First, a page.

By Cathleen Cusachs

Smartwatches seem to be getting more and more popular each year. The devices track data, some of which can be used to monitor the user’s health. The Verge talked to some healthcare experts to learn how.

Apple, Fitbit, Withings, and Samsung all have programs for their smartwatches that can detect irregular heart rhythms. When Apple Watch, specifically, detects an abnormality, it asks the user to take an EKG reading through the device. This can help doctors diagnose problems, The Verge reported. However, those interviewed also cautioned against over-reliance as false positives can happen.

Fitbit popularized the concept of wearable tech tracking fitness data, but a sports medicine specialist told The Verge that patients rarely bring that data into appointments. It’s hard to figure out what to even do with this information, when she does receive it. For many, tracking fitness might not be healthy. “You always have to ask yourself what you’re going to do with this data, and what time you’re taking away from other things to focus on it,” Dusty Marie Narducci, a sports medicine and eating disorder specialist, told The Verge.

On the flip side, Seema Khosla, medical director of the North Dakota Center for Sleep, told The Verge that patients often make appointments because their devices said something was off. The data provided can be hard for users to comprehend by themselves without a doctor. Khosla said it took her a while to figure out the usefulness, but now, she uses smartwatches largely as a conversation starter with patients. It makes it easier to explain the importance of sleep to patients. However, the data itself is not entirely accurate. Matthew Ebben, a sleep specialist at Weill Cornell Medicine, told The Verge that users are starting to recognize the limitations of these devices, as well as the benefits.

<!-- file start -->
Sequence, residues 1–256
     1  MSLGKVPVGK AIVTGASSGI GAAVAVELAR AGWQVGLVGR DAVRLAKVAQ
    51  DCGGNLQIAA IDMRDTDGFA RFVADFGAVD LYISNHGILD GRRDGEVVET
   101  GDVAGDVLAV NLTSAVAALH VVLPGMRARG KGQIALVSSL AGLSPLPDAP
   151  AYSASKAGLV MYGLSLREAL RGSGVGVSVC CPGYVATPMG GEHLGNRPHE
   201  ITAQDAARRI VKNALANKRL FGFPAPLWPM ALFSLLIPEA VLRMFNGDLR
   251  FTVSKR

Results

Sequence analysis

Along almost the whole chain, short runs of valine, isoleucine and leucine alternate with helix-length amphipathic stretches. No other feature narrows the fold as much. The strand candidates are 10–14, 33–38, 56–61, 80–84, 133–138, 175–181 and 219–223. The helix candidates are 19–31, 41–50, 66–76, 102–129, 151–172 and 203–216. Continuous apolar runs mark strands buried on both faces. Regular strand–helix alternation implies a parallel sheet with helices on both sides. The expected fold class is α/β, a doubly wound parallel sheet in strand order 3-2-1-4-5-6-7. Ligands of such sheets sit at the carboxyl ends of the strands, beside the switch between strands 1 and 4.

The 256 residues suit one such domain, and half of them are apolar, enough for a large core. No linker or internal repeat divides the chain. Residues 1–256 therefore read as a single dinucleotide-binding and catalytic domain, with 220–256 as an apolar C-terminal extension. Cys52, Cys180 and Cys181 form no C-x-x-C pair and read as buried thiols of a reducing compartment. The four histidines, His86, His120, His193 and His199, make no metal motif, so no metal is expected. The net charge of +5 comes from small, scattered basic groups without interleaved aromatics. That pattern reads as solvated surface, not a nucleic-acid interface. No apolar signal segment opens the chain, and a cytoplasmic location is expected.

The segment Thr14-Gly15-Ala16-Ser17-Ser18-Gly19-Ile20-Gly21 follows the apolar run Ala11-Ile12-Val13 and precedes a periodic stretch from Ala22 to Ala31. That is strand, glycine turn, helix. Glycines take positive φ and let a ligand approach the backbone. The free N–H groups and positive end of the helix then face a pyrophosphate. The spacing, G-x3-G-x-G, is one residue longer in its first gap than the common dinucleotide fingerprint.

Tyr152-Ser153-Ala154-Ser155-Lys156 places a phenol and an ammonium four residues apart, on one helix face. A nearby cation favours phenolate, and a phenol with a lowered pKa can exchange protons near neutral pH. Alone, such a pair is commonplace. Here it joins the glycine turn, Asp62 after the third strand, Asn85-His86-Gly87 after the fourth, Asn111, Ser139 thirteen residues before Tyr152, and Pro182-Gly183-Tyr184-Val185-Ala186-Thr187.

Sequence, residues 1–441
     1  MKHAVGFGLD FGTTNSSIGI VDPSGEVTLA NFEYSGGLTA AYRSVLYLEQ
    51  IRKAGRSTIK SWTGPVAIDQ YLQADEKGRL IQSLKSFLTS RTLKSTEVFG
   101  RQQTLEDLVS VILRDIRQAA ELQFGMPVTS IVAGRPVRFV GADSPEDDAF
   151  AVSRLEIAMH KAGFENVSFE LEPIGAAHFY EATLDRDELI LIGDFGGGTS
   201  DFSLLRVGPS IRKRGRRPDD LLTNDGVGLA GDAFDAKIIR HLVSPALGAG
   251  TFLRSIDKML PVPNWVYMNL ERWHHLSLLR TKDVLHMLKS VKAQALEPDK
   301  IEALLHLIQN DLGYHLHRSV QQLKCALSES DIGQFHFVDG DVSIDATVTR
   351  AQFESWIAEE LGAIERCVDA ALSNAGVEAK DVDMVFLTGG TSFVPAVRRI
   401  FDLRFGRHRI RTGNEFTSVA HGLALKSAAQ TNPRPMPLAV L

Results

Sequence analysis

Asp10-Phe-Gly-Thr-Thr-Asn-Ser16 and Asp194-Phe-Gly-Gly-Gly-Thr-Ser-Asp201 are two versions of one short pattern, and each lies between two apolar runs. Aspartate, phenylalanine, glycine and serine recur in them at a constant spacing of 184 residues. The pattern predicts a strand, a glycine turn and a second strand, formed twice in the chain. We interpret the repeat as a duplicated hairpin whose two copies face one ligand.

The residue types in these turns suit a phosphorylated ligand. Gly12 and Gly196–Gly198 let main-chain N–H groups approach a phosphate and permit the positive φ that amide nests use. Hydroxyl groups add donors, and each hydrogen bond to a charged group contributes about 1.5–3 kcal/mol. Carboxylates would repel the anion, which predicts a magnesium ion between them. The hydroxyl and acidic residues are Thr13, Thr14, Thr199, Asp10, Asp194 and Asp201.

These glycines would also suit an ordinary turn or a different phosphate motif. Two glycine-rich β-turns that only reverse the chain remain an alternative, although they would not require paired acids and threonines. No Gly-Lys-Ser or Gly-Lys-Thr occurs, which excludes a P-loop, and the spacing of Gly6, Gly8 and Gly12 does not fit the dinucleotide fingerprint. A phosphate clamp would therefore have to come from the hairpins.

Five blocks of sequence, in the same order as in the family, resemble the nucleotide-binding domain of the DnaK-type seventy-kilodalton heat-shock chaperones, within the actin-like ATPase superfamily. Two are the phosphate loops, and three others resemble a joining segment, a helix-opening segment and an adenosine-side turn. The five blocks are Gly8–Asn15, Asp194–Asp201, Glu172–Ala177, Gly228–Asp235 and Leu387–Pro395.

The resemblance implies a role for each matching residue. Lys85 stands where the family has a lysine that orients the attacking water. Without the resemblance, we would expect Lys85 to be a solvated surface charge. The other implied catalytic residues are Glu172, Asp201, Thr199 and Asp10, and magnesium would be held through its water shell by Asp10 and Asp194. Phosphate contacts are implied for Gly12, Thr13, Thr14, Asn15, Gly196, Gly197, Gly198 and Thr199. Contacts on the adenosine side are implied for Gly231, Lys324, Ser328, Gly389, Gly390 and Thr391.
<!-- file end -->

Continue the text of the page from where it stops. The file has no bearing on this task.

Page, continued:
Read the full article at The Verge.

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